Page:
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Proc Natl Acad Sci U S A. 1986 Mar;83(5):1359-63.

A developmentally stable chromatin structure in the human beta-globin gene cluster.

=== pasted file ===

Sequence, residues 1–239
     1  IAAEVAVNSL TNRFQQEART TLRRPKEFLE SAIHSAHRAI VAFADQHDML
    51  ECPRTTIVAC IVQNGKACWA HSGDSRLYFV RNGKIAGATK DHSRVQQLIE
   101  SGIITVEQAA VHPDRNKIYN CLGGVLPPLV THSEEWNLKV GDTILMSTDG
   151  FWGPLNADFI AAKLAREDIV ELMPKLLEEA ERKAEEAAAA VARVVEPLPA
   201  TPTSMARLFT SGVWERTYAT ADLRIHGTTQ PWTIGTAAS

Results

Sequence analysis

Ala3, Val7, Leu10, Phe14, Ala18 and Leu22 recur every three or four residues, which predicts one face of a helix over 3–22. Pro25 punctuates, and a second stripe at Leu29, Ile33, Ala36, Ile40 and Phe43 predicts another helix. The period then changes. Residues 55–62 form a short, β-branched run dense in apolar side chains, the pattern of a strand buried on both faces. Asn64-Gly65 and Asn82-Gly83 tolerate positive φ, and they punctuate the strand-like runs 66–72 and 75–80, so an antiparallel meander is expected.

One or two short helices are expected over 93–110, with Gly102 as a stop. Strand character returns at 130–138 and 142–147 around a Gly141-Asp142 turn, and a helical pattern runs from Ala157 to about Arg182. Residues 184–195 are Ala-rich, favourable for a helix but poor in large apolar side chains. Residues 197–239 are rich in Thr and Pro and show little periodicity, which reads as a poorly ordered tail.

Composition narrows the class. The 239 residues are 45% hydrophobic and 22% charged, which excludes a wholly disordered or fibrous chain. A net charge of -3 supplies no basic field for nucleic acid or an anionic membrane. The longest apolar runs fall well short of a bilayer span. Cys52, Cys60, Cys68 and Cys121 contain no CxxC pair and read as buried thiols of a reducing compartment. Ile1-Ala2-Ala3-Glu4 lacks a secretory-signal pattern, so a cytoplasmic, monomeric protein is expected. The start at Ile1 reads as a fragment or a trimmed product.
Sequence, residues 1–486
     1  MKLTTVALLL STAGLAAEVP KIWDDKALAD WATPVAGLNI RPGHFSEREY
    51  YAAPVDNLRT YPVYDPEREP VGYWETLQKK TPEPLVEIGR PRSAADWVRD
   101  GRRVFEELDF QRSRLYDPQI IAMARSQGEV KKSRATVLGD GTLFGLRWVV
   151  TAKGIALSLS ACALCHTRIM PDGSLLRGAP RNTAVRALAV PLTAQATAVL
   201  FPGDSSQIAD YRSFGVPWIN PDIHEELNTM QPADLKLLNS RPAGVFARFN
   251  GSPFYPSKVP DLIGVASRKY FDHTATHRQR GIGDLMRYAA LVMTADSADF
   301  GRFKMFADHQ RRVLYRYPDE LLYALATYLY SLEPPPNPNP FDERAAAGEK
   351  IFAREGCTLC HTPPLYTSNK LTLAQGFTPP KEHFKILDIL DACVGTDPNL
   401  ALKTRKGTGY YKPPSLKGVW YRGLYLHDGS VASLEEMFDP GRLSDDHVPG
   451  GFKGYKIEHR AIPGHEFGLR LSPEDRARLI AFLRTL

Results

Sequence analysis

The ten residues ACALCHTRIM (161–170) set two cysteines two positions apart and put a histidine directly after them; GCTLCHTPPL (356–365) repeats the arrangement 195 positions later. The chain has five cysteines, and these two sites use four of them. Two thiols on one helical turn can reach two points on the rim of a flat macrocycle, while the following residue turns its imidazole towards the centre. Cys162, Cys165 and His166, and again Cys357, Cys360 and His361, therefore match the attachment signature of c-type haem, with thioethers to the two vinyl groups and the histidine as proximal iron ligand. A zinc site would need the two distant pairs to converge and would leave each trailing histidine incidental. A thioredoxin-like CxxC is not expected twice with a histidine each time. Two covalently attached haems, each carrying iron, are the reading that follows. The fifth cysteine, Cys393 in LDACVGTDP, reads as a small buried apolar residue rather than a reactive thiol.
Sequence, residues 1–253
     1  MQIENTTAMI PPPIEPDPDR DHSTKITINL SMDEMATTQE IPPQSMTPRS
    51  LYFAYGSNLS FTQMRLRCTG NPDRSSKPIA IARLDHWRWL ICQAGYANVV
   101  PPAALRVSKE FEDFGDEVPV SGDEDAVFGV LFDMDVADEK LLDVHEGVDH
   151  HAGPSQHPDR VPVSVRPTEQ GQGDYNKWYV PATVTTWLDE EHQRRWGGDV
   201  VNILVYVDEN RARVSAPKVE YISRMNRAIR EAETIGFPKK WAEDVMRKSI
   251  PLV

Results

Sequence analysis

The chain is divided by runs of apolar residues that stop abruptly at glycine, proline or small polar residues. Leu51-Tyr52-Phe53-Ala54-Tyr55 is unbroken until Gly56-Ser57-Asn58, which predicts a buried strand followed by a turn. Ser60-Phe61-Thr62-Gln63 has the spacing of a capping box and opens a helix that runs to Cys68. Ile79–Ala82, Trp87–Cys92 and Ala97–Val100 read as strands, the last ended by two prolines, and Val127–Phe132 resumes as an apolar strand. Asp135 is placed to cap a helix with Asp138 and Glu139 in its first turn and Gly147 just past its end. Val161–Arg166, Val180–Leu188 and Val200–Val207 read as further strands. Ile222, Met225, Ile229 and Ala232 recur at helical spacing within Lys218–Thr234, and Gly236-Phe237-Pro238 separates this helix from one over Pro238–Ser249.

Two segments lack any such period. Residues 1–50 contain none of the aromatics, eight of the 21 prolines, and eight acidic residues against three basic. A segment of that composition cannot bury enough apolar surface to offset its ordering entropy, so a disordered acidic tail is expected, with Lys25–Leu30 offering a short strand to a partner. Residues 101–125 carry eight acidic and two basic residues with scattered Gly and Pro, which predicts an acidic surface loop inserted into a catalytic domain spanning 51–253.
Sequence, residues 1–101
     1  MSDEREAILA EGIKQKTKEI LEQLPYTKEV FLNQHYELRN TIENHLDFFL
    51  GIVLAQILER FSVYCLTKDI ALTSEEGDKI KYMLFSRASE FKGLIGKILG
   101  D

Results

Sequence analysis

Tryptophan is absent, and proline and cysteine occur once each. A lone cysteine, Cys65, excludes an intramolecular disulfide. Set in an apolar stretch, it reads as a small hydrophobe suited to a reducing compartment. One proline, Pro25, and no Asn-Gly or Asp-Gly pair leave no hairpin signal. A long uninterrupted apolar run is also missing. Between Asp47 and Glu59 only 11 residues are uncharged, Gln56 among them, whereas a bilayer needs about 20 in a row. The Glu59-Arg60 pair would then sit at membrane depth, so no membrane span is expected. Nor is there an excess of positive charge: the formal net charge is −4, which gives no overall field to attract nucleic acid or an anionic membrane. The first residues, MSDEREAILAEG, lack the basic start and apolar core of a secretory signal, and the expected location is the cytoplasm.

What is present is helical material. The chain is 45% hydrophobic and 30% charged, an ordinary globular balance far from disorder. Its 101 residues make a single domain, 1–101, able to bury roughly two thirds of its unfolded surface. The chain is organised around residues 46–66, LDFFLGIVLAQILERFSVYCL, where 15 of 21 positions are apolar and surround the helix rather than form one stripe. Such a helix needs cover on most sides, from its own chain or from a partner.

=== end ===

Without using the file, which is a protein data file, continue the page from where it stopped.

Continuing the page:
The DNase I-hypersensitive sites in the human embryonic beta-globin gene region have been mapped in erythroid-enriched fractions of disaggregated fetal livers, in adult nucleated red blood cells, and in fetal brain tissue. Our analysis of a region extending 11 kilobases (kb) 5' of the epsilon-globin gene reveals many minor nuclease-hypersensitive sites and one major site located 6.1 kb upstream of the epsilon-globin gene. All of these hypersensitive sites are erythroid-specific, and the major site is stable throughout erythroid development. As assayed by nuclear runoff transcription, little or no epsilon-globin gene expression is detectable in fetal or adult erythroid cells. Thus, the presence of the major hypersensitive site 5' of the epsilon-globin gene in both fetal and adult erythroid cells demonstrates that this site is not specifically correlated with transcription of the gene or with a particular stage of development. Rather, this site may reflect an early event in erythroid differentiation. In addition, DNase I has been used to probe the overall sensitivity of epsilon-globin chromatin in fetal erythroid cells. Our findings indicate that the epsilon-globin gene as well as the other genes in the beta-globin cluster reside within the chromatin domain that is more DNase I-sensitive than "bulk" chromatin.

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